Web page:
As the weather warms and you fire up your grills, it is second nature to reach for an iced tea or Tea Sangria, but tea isn’t just great accompanying grilled food, it can play a role within that food as well. Consider Matcha and White Bean Dip, or upgrading your S’mores!
The benefits of tea may be due to its influence on the digestion of glucose (blood sugar), the ADA noted, or because of tea’s high polyphenol content.
Evidence dating to antiquity attests to the medicinal powers of tea, but Tetley foresees a future where “remedy teas,” teas […]
Consumer Reports’ writes that the risks of GTE include: “Dizziness, ringing in the ears, reduced absorption of iron; exacerbates anemia and glaucoma; elevated blood pressure and heart rate; liver damage; possibly death.”
Polyphenols in white tea are promising candidates to test for protection against neurodegeneration associated with diabetes, according to Dr. Branca […]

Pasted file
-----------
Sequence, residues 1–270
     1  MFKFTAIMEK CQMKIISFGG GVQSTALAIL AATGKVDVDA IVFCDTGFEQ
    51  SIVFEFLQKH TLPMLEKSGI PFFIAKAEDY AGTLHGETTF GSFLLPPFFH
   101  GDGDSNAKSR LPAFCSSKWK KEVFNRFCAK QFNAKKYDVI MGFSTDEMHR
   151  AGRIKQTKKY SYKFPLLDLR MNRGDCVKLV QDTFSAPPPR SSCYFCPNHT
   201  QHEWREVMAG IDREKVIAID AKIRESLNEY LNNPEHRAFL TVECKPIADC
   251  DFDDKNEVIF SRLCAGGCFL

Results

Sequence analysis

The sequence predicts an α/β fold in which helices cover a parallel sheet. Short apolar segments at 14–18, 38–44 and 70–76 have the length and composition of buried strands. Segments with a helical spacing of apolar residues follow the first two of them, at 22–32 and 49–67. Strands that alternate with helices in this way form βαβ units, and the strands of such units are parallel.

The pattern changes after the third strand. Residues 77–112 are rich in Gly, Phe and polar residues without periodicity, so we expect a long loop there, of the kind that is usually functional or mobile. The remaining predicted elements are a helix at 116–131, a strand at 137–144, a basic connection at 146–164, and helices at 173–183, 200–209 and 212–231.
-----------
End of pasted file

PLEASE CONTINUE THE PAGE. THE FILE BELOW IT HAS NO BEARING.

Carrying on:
Tea first reached Iran by caravans traveling the Silk Road 450 years before the modern Christian era. Residents were largely […]
Si: Need to be trimmed down in half, and make it less dry. A puer scholar based in Taiwan, Shihai […]
China’s southwestern region includes Tibet, Yunnan, Guizhou, Sichuan, and Chongqing. The southwestern region is the oldest tea producing region in […]
Many tea connoisseurs wait for this first harvest each year, which is usually only available in very small quantities, and will most likely be gone within the first few months or even weeks of its harvest.
FIRST EDIT: Sooz Aug 19 *Question – First paragraph, who/what are the “maui” ? I want to correct this sentence […]